Tea performing arts, tea terminology and translation, promote tea studies and innovations. *Contact ,icetea8@gmail.com, Trad. and Simp. Chinese used. Blog since 6/23/2005
Name: Steven R. Jones; Link: http://teaarts.blogspot.com/
名字:瓊斯史迪芬Steven R. Jones, 網址: http://teaarts.blogspot.com/


China Culture is strong and long lasting

Ancestor Worship and Divination (Shang and Zhou Dynasties)
Two traditions that began in ancient China, and still continue today, are
ancestor worship and divination. Ancestor worship means worshiping and
praying to family members who lived before you, but are now dead.
Ancestor worship was based on five main ideas:
1. The world is divided into three levels: heaven, earth, and the underworld.
All of these levels are connected to each other.
2. A person is not only connected to a father and mother, but all the relatives
from the distant past .
3. The human body has two souls. One soul, called the hun, rises when a
person dies. The other, called the po, becomes a ghost.
4. A person needs to offer gifts to their ancestors in heaven, to show respect.
Most of these gifts include wine and meat. The gifts could be placed out in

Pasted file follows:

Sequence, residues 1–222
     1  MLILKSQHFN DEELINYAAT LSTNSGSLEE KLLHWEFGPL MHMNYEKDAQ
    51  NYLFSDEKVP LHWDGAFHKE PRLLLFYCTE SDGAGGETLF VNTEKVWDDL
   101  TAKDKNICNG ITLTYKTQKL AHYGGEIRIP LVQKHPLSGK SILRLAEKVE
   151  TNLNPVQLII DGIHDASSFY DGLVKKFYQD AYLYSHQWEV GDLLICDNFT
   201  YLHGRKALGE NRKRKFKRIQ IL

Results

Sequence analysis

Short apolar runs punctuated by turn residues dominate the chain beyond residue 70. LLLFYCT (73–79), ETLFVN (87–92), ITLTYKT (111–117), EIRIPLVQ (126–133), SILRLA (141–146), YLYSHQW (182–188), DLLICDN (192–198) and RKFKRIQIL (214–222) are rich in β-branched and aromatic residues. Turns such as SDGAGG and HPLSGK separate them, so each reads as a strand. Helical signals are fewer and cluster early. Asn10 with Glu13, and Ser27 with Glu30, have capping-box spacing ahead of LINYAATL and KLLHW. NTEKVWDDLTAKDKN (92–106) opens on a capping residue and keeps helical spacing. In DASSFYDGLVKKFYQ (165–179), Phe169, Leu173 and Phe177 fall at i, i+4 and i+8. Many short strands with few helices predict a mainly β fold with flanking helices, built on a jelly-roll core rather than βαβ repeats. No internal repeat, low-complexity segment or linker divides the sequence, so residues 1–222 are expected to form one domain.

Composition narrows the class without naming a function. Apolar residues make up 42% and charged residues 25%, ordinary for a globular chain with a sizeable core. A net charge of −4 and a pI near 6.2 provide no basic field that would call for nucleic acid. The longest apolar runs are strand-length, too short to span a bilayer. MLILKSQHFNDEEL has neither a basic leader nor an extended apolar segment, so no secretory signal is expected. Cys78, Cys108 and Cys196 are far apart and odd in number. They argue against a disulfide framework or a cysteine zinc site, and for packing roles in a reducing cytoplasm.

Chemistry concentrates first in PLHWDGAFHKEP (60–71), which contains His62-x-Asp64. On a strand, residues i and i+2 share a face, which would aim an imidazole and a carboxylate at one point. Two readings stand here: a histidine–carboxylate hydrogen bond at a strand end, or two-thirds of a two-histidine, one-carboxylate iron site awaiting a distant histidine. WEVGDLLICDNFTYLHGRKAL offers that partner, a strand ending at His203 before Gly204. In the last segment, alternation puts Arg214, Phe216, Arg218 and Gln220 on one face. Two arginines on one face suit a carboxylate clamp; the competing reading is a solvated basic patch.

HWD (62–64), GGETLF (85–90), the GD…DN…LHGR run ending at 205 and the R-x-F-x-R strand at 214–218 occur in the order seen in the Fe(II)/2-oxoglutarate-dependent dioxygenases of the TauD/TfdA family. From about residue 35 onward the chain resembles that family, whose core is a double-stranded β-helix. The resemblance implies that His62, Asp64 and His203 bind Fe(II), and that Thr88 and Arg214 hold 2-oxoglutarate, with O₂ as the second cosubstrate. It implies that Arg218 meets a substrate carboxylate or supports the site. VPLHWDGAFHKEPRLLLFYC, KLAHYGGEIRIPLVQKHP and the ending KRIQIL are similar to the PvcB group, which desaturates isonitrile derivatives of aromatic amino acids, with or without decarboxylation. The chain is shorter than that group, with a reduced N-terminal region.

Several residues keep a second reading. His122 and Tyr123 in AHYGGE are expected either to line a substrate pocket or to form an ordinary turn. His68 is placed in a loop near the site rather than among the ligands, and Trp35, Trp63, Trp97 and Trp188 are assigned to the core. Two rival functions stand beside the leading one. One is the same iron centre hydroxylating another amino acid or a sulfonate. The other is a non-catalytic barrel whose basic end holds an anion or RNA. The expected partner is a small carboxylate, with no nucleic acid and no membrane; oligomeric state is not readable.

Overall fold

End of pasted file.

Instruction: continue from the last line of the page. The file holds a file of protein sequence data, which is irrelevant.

nature, perhaps at the bottom of a mountain or along a river. It was very
important for the king to give these gifts, to ensure a good year ahead. They
believed that not giving these gifts could lead to natural disasters, like floods
or famines.
Ancestor worship was practiced in the village and in the family. In the
village, both in the past and today, it was common to find temples built for
ancestors. Villagers could go to these places to worship their ancestors. In
most homes, there was an altar to hold wood or paper which had the names of
dead relatives written on them.
(adapted from Visible Traces: Teacher’s Guide, Asia Society 2000)
5. In my own view which is more toward the modern world as opposed to the ancient world of how they tried to deal with the certain ideas. "5" deals with how people relate to the physical world and the nonphysical world through Tradition, Buddhism, Taoism, and Folklore Belief to some degree
The original text may be found here.